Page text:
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What possessions have you not been able to throw away? Why not? Share your experiences.

As my wife and three kids and I continue the process of trying to get back to normal, the very concept of “normal” seems to be under assault. Institutions that people considered bedrocks of the economy are shaky; some are gone altogether. Ideas about personal financial security — even one’s home being there — are all in play. Friends and family members who thought job worries or economic concerns were for other people suddenly realize they apply to everyone. Few people I know are not experiencing increased anxiety.

This seems like a good time to batten down the hatches and ride out the storm, which is ironic when we’re living a bit like refugees, waiting for our sea shipment to arrive from Beijing with the bulk of our possessions, including beds and other furniture that will allow us to return to our house. Until then, we are living in cozy but cramped quarters with my aunt and uncle, who should be nominated for sainthood for happily putting up with the little tornado that is our daily life. This is also a time to be thankful for what you have, including family.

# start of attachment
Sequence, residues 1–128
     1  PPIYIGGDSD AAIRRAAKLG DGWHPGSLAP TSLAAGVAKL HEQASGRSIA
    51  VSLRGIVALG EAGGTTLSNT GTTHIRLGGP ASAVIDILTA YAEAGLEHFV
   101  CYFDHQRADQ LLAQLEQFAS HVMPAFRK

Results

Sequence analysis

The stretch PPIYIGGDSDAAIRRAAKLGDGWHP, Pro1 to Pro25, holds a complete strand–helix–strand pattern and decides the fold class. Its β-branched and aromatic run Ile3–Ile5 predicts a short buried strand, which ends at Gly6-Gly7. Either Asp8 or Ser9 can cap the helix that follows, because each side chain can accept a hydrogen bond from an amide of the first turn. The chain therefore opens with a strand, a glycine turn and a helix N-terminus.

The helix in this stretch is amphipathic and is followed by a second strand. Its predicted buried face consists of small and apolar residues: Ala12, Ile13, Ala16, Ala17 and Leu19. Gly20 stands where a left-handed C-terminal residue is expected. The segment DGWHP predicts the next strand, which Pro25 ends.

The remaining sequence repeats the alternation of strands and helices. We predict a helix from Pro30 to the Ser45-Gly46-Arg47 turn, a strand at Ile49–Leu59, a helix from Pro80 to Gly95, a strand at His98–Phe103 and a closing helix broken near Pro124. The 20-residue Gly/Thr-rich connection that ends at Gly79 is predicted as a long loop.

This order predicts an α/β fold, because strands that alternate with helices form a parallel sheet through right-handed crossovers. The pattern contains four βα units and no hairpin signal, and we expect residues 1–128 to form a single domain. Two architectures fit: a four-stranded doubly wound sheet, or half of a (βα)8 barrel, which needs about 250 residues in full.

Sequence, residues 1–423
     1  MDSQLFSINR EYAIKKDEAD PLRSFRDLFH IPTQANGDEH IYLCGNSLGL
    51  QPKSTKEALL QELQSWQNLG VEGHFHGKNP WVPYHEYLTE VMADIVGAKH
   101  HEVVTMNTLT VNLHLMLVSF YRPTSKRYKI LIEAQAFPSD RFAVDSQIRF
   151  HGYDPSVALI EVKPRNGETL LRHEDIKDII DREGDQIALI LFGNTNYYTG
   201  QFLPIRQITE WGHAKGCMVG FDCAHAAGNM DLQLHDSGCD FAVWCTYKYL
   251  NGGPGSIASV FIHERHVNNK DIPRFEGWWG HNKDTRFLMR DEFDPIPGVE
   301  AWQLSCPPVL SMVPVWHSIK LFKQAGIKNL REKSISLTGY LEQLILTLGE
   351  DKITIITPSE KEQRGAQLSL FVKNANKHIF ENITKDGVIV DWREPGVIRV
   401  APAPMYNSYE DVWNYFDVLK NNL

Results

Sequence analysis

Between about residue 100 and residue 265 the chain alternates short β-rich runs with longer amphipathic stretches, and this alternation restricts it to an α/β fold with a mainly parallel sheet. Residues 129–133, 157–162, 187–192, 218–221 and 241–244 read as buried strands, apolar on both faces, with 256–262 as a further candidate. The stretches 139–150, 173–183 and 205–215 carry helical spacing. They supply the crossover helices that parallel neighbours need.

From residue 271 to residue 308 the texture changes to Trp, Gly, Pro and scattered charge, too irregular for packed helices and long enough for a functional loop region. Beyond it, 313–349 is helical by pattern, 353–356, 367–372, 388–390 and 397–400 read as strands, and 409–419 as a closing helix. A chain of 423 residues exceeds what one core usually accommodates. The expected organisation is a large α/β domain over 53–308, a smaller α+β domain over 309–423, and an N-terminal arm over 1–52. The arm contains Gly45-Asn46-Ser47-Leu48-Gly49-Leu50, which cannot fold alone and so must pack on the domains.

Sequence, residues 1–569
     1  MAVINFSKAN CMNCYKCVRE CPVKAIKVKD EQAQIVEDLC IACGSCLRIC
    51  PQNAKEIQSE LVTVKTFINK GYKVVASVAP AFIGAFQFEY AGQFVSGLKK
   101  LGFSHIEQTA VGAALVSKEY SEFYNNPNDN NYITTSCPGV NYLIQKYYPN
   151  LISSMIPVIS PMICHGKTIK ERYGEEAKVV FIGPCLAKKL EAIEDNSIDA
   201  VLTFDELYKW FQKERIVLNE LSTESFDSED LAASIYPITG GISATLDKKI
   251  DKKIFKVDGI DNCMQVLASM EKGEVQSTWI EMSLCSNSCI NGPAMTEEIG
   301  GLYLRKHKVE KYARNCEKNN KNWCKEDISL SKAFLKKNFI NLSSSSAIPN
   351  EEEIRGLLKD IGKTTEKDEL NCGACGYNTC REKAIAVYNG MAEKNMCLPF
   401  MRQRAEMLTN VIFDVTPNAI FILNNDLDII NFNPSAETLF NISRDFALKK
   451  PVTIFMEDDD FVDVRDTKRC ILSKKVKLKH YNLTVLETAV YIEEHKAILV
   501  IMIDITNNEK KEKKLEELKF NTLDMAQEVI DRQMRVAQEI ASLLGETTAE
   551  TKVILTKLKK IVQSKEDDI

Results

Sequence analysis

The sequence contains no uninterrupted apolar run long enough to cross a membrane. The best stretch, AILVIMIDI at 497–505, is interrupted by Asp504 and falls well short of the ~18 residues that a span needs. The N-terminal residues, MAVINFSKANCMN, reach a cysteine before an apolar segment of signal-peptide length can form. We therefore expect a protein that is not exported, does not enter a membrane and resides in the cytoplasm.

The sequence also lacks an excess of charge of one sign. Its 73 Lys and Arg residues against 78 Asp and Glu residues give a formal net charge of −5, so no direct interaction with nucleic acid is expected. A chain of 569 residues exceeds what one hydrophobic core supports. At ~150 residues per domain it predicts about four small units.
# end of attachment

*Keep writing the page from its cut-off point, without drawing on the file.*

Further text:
One step towards getting back into our house came last week when we retrieved the desk and everything else we had put into storage before moving to China in the summer of 2005. Rebecca and I could only remember a few large pieces of furniture and a couple of other things that we had stowed away. I guessed that we had about 15 boxes to come, and the news that it was actually 64 both stunned and amused me. After all we had thrown away, given away and taken with us China, how could we possibly have 64 boxes left here? What were they filled with? I was both curious and leery as I waited for the shipment to arrive.